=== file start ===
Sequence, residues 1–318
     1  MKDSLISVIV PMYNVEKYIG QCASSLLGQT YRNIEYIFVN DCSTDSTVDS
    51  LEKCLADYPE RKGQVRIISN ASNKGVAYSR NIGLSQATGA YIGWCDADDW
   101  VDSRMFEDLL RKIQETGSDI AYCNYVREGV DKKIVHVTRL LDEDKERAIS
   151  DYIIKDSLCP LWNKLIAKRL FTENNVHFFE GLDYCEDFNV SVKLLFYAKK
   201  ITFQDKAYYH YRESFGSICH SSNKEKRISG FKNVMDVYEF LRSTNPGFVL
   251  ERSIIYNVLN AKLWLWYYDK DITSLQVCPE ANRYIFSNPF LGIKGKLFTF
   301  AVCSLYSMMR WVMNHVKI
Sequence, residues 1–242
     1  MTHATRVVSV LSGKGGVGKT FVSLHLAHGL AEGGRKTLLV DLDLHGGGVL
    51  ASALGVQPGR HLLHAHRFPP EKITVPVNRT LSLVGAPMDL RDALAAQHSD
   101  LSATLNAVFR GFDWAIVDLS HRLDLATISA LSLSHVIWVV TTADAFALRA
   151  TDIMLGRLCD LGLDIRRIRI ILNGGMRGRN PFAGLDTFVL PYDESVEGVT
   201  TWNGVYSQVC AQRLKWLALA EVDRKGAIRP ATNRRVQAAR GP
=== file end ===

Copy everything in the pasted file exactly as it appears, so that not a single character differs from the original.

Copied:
Sequence, residues 1–318
     1  MKDSLISVIV PMYNVEKYIG QCASSLLGQT YRNIEYIFVN DCSTDSTVDS
    51  LEKCLADYPE RKGQVRIISN ASNKGVAYSR NIGLSQATGA YIGWCDADDW
   101  VDSRMFEDLL RKIQETGSDI AYCNYVREGV DKKIVHVTRL LDEDKERAIS
   151  DYIIKDSLCP LWNKLIAKRL FTENNVHFFE GLDYCEDFNV SVKLLFYAKK
   201  ITFQDKAYYH YRESFGSICH SSNKEKRISG FKNVMDVYEF LRSTNPGFVL
   251  ERSIIYNVLN AKLWLWYYDK DITSLQVCPE ANRYIFSNPF LGIKGKLFTF
   301  AVCSLYSMMR WVMNHVKI
Sequence, residues 1–242
     1  MTHATRVVSV LSGKGGVGKT FVSLHLAHGL AEGGRKTLLV DLDLHGGGVL
    51  ASALGVQPGR HLLHAHRFPP EKITVPVNRT LSLVGAPMDL RDALAAQHSD
   101  LSATLNAVFR GFDWAIVDLS HRLDLATISA LSLSHVIWVV TTADAFALRA
   151  TDIMLGRLCD LGLDIRRIRI ILNGGMRGRN PFAGLDTFVL PYDESVEGVT
   201  TWNGVYSQVC AQRLKWLALA EVDRKGAIRP ATNRRVQAAR GP